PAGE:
Tickets for Capitoline Museum
An original - this was the world’s first museum!
- See a treasure trove of items relating to the history of Rome itself
- Enjoy the central piazza that sits between the museum buildings, stroll its long, elegant lines and appreciate the architecture of Michelangelo
- View the historic sculpture of the she-wolf of Rome suckling Romulus and Remus, which tells the foundation myth of the Eternal City
Welcome to the world’s first museum! The Capitoline Museums (plural because it's in four buildings atop one of Rome's famous Seven Hills) has a fascinating collection of art and artifacts all telling the fascinating history of Rome.
In 1734 Pope Clementine XII decided to make a significant collection of artwork and ancient sculptures permanently accessible to the people of Rome. With this magnanimous act, he created the world's first museum - it's on top of one of the Seven Hills of Rome, overlooking the Ancient Roman Forum. It's a melting pot of history.
See the famous she-wolf sculpture featuring Rome's founders Romulus and Remus, and see a treasure chest of items telling the story of Rome, the ancient Caput Mundi.
Exhibition Pinturicchio pittore dei Borgia (May 19 - October 9, 2017)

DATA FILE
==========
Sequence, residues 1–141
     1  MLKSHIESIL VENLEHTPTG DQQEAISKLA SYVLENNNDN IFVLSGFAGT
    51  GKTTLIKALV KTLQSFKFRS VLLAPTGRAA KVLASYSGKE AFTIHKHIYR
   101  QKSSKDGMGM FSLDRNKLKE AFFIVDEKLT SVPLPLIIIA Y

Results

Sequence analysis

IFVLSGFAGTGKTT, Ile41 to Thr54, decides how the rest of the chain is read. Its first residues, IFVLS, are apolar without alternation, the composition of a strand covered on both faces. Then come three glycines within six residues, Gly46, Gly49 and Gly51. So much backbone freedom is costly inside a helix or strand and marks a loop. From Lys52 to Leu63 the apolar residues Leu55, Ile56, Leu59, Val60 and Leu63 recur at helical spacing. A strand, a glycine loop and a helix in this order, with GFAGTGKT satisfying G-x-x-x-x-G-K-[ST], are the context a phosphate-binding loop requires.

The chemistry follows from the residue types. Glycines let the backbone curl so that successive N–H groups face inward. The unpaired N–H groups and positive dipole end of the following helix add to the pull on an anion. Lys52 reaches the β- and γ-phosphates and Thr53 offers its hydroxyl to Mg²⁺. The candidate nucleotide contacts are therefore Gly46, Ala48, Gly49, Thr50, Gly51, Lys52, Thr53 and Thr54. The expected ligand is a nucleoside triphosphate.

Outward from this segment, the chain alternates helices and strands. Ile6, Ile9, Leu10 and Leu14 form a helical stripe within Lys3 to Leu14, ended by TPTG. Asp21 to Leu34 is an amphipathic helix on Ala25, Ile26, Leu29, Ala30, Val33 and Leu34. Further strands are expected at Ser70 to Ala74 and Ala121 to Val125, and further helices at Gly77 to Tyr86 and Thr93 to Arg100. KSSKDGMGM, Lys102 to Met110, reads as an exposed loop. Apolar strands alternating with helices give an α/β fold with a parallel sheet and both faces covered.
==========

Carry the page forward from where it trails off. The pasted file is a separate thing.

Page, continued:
See Pinturicchio's magnificent Madonna, still mysterious after 500 years - and now on display for the first time. Work your way through some amazing paintings and learn the mischievous stories of the controversial Borgia Pope Alexander VI, and his lover Giulia Farnese.
- Access to the Capitoline Museum
- Access to the temporary exhibition(s)
Go directly to the turnstile and scan your smartphone ticket.
- Mon - Sun: 09:30 - 19:30, last admission at 18:30
- Dec 24 & 31: 09:30 - 14:00, last admission at 13:00
- Take the metro B line to Colosseo. From there, it's a 10-minute walk to the Capitoline
- The Capitoline Museums are located on Piazza di Ara Coeli, just behind Piazza Venezia; you can get there by taking any of the following buses: 40, 60 or 80
The Piazza atop Capitoline Hill, Piazza del Campidoglio was designed by none other than Michelangelo himself. He even designed the staircase leading to the square!